Humans living at the end of the last ice age endured their own version of climate change, one where a harsh, bitterly cold Europe gradually warmed to become the forested continent that exists today.

Lawrence Straus, Distinguished Professor of Anthropology at the University of New Mexico, described life for people of the Magdalenian culture, who in many ways were like us, but endured the difficult living conditions of the Upper Paleolithic, which stretched to 10,000 years ago.

Straus, who on Thursday (March 11) delivered the annual Hallam L. Movius Jr. Lecture, sponsored by the Peabody Museum of Archaeology and Ethnology, said humans had nearly been pushed out of Europe by the time of the last glacial maximum, 20,000 years ago, when the enormous sheets of ice had pushed furthest south.

At that time, people were clustered along the coast of the Iberian Peninsula, which today contains Spain and Portugal. They were likely living away from the modern coast, he said, because the sea level was 425 feet lower than now. Some residential sites undoubtedly exist along now-drowned riverbanks and coastlines under today’s Mediterranean Sea.

It was a time of enormous environmental stress, Straus said, when glaciers not only chilled the world, they bound up moisture, resulting in a “polar desert,” barren and treeless, across much of Europe that was not covered in ice.

But as the world slowly warmed, the Magdalenian people expanded northward and away from the coast into the peninsula’s mountains, where they hunted ibex. As they made their way into France and further northwest across Europe to the Vistula River, they hunted the abundant reindeer and horse herds, as well as bison and red deer. They caught rabbits by the hundreds in large drives, likely using nets, and developed harpoon tips to spear the day’s enormous salmon and other fish. During hard times, they consumed shellfish.

“This was a world of re-expansion. It was a world in which humans are on the rebound after a very severe crisis during the last ice age,” Straus said.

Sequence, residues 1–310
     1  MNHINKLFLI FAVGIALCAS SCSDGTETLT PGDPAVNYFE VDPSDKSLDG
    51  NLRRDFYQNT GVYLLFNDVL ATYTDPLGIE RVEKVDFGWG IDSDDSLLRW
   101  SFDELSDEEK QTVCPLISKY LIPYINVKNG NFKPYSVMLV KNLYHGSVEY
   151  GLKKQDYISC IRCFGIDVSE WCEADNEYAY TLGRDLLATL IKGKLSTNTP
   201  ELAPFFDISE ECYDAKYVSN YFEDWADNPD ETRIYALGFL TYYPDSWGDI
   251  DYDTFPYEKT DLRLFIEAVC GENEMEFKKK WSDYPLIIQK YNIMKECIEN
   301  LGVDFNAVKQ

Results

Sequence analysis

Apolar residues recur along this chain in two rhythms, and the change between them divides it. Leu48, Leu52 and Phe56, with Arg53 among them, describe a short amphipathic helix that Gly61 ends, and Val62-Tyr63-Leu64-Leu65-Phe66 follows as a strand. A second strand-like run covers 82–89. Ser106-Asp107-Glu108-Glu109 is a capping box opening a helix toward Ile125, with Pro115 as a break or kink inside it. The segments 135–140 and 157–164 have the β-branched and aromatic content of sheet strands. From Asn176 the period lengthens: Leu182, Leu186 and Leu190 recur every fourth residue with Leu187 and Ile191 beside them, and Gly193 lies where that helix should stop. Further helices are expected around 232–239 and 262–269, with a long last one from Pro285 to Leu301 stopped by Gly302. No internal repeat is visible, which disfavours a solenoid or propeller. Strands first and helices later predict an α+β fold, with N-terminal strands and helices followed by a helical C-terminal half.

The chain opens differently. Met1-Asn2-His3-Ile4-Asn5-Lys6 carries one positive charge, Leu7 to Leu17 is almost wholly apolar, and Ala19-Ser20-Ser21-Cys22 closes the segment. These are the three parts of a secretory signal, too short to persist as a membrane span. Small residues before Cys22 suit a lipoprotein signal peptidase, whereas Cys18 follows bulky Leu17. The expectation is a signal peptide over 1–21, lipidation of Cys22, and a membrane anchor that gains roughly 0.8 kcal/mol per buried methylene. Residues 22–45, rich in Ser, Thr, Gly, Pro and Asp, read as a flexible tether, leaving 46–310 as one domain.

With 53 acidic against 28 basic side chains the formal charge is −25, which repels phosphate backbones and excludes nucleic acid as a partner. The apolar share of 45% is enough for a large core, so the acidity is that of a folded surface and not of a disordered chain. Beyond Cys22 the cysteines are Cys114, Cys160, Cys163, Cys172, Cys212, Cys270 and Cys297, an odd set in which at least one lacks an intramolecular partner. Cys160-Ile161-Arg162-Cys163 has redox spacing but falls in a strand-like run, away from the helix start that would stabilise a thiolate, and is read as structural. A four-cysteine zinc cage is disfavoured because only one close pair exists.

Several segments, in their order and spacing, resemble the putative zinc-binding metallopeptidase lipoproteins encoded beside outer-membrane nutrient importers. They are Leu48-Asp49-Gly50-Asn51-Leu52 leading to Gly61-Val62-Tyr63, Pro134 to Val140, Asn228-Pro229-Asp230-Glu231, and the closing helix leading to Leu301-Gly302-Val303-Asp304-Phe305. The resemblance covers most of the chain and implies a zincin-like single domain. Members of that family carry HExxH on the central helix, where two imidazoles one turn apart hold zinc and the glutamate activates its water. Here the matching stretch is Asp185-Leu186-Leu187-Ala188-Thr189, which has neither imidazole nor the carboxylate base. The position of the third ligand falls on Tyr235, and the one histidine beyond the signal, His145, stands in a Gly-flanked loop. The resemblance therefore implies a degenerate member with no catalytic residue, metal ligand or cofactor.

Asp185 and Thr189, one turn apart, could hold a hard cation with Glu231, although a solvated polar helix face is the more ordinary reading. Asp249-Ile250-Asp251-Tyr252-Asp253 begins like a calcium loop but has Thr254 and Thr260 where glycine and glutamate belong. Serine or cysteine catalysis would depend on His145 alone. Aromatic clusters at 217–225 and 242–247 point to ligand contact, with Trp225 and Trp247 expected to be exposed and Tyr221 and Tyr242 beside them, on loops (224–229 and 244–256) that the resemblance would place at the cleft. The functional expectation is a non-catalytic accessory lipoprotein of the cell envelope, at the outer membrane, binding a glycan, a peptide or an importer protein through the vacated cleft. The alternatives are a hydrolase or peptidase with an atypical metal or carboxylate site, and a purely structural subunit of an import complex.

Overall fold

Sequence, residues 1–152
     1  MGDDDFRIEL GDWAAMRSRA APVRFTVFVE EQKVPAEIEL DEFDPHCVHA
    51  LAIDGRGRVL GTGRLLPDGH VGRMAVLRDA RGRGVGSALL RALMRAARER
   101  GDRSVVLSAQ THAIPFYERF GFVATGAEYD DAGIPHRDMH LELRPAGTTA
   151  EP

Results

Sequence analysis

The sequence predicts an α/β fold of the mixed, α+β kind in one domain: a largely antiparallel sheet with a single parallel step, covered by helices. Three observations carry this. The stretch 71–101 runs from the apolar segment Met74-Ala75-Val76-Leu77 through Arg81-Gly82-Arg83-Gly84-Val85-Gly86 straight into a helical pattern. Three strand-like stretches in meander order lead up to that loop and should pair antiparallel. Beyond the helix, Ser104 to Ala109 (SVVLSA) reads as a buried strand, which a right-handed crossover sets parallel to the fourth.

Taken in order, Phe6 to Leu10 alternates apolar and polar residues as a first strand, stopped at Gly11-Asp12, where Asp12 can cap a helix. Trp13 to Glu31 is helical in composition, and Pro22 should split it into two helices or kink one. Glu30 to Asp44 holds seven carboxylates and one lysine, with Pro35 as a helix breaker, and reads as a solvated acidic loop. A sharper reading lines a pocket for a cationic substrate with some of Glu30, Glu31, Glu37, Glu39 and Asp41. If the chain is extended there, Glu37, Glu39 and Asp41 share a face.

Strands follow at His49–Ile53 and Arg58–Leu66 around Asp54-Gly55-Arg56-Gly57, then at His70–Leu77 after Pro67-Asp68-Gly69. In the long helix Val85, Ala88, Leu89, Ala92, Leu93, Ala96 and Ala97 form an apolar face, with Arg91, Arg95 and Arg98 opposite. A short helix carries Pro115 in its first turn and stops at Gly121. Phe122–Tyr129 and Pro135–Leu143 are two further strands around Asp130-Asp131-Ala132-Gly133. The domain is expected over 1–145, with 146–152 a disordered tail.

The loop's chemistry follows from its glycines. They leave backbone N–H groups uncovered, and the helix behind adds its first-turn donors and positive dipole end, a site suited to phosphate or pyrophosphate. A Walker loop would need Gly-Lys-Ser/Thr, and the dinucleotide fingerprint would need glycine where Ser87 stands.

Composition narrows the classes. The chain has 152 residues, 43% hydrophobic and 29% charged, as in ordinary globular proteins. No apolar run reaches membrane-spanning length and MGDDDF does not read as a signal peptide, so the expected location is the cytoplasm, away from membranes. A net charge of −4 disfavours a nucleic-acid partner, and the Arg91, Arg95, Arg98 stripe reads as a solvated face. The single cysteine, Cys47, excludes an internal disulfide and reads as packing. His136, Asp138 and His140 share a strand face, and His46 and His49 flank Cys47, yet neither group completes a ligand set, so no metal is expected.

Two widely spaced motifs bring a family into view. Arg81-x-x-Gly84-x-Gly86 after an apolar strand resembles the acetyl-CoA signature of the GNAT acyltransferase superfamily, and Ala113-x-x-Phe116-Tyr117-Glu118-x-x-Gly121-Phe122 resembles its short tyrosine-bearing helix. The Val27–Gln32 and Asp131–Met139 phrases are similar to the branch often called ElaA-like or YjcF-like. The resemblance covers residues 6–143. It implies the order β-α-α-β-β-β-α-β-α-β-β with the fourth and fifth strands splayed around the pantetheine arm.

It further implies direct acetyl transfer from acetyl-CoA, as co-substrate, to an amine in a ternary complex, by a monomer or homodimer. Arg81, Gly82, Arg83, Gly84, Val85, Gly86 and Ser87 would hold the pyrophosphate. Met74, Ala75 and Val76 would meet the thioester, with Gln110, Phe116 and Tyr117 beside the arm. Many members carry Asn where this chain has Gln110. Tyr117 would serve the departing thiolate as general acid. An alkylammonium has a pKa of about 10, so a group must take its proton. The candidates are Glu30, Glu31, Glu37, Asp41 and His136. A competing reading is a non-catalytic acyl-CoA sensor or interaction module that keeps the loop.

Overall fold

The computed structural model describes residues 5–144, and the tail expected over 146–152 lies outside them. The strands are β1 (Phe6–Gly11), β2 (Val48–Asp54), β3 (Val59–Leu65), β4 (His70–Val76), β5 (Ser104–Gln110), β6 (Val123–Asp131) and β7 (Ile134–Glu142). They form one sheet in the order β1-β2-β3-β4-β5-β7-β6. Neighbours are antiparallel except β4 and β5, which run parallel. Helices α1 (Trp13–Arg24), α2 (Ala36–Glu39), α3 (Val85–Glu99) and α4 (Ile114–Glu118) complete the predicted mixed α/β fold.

In such a harsh environment, Straus said, shelter was a constant concern. People would march deliberately across open areas, fearful of getting caught in a storm, and settled in caves across the region. They were not only hunters, but artists, creating cave drawings in wide caverns that were likely public gathering places, and in deeper, hidden areas that may have been for specific rituals. They crafted statues, baskets, and elaborately decorated clothing. They conducted rituals, played music on bone flutes, and created many kinds of blades for their weapons. They even engaged in construction, paving areas that might become muddy, and may have built stonewalls.

Because stone is so durable and scientists can trace its origin, it provides a particularly good way to track the travels of the Magdalenian people, Straus said. What stones — which were used for weapon points and other artifacts — tell researchers is that they were a people who tended to stay in a set range, but who had contact and trade with nearby groups.

The further north people journeyed, he said, the more they traveled to find game, and the more critical it was that they maintain ties with groups to the south, since it was harder to eke out a living on the harsher landscape.

Ironically, as that landscape became less harsh and forests gradually pushed north, Straus said, the richness of the culture seems to have dissipated as environmental changes gathered steam and people were forced to learn new ways to survive, and new patterns of their prey’s travel and behavior.

“It was a world in very rapid evolution,” Straus said.

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